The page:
The member states of the UN's Asia-Pacific Group have announced their support for the UAE's bid to host Cop28 in 2023.
The move brings Abu Dhabi a step closer to official selection to host the world's next major climate summit.
Sheikh Abdullah bin Zayed, Minister of Foreign Affairs and International Co-operation and head of the UAE delegation to Cop26, said on Tuesday: “We are grateful for the endorsement of the Asia Pacific group of nations, indeed of all our partners in the international community advancing concrete solutions to the very real threat of climate change."
"We have an ambitious vision for climate action linked to creating opportunities for sustainable economic and social growth."
The decision by the influential Asia-Pacific Group of nations came after the first major day of commitments at Cop26 in Glasgow, Scotland.
The UAE last month set out a strategic initiative to achieve net zero carbon emissions by 2050.
A three-decade plan of action to tackle emissions will follow.
In addition, the UAE is determined to support the international community and find practical ways to implement and drive change. It is also calling for closer analysis of future climate-related risks and "anticipatory action" – a humanitarian model that releases resources in advance of reliably predicted climate disasters.
Cop26 climate summit - Day 2
"Guided by this trust and our 30-year legacy of positive climate action, culminating in the UAE Net Zero by 2050 Strategic Initiative announced before this year’s UN Climate Conference in Glasgow, we are even more determined as a nation to forge ever stronger partnerships, and to innovate new technologies and solutions, to bring about a more sustainable future, both for present and future generations of UAE citizens, and the citizens of countries around the world," Sheikh Abdullah said in a statement to state news agency Wam.
Pakistan's Minister for Climate Change Malik Amin Aslam, who is also chairman of the Asia Pacific Group and special assistant to the prime minister, said: "We are pleased to announce the brotherly country of UAE as the consensus candidate of the Asia Pacific Group for Cop28. We would like to wish them the best and are confident for a very successful COP in the Asia Pacific region in 2023."
Dr Sultan bin Ahmed Al Jaber, Minister of Industry and Advanced Technology and UAE Special Envoy for Climate Change, said Cop28 will be a an important "stocktake" of current agreements.
"Cop28 will be especially significant as the first stocktake of national commitments after the Paris Agreement. Our goal will be to make cop28 as inclusive and action-oriented as possible; a solutions Cop that brings together developed and developing countries and unites all sectors - public, private, academic and civil society - around a focus on tangible solutions," he said.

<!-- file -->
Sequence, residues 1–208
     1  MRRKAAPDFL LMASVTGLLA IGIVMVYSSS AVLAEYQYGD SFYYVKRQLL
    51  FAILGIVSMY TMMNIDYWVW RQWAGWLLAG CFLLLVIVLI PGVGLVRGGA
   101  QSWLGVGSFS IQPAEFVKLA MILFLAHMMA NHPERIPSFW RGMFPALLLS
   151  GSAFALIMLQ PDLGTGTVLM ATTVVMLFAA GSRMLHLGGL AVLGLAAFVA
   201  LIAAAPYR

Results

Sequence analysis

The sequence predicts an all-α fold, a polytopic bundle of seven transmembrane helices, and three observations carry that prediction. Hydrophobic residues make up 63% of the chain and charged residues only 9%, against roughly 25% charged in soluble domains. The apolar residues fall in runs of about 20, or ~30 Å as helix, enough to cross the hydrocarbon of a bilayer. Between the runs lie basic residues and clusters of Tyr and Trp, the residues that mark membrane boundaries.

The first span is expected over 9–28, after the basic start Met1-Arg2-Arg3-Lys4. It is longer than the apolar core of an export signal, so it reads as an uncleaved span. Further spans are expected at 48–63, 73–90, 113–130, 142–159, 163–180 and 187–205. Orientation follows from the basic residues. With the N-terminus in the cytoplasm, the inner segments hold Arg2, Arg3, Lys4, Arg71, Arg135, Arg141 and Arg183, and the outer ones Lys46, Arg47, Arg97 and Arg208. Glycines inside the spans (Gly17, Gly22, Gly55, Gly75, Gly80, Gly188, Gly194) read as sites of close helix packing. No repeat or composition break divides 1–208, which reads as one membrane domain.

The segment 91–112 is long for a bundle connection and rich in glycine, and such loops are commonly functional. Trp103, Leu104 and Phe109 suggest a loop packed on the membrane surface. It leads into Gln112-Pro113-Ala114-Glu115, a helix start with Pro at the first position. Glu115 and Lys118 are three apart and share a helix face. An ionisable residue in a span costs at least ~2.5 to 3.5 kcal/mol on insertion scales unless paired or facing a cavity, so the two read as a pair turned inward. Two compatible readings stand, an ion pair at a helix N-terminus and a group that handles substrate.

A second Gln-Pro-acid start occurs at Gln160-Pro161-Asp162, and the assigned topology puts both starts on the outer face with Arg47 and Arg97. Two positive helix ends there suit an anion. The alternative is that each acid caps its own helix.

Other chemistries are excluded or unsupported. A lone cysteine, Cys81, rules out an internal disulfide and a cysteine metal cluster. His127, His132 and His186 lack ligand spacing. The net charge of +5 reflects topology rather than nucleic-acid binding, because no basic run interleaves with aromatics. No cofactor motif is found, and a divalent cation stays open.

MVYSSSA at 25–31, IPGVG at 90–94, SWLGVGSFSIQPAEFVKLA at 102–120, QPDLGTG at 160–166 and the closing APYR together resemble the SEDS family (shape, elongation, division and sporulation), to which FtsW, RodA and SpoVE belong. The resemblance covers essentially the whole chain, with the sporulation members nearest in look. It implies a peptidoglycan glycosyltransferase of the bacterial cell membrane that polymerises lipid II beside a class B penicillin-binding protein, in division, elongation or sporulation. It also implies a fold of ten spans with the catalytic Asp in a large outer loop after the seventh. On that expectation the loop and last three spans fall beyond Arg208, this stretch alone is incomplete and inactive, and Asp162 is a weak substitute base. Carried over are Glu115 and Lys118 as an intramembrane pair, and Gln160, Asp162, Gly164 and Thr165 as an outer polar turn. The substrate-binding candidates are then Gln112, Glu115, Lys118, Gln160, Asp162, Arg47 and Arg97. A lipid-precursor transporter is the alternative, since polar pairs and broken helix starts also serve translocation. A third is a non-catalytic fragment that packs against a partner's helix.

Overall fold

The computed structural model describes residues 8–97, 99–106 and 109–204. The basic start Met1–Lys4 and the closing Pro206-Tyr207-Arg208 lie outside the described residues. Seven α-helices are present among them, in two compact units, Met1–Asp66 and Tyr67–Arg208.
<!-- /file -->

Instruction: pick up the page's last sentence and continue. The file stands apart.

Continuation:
He added on Twitter: "We thank the Asia Pacific Group of nations for their endorsement of the UAE.
"If chosen as hosts, our goal will be to make Cop28 an inclusive, solutions COP that brings together developed and developing countries and unites all sectors."
Mariam Almheiri, Minister of Climate Change and Environment, said the Asia-Pacific group's decision showed the "global leadership position of the UAE in advancing and stimulating the pace of action for climate and enhancing efforts to reduce its causes".
During the second day of Cop26, and the first major day for commitments, there was cause for some optimism as more than 100 world leaders said they will promise to end and reverse deforestation by 2030.
The official signing will take place later on Tuesday. The pledge includes almost $19.2bn of public and private funds.
In another significant pledge, India's Narendra Modi set a 2070 target to reach net zero emissions. The target is 20 years beyond other major polluters, including the UK, US and EU. But Mr Modi set out a series of further commitments for 2030, including that half of India's electricity would come from renewables within just nine years.
Cop summits in the coming years, including 2023, will be crucial to ensuring world leaders stick to their pledges.
Under present targets, the world will warm by 2.7C by 2100, which the UN says would result in "climate catastrophe".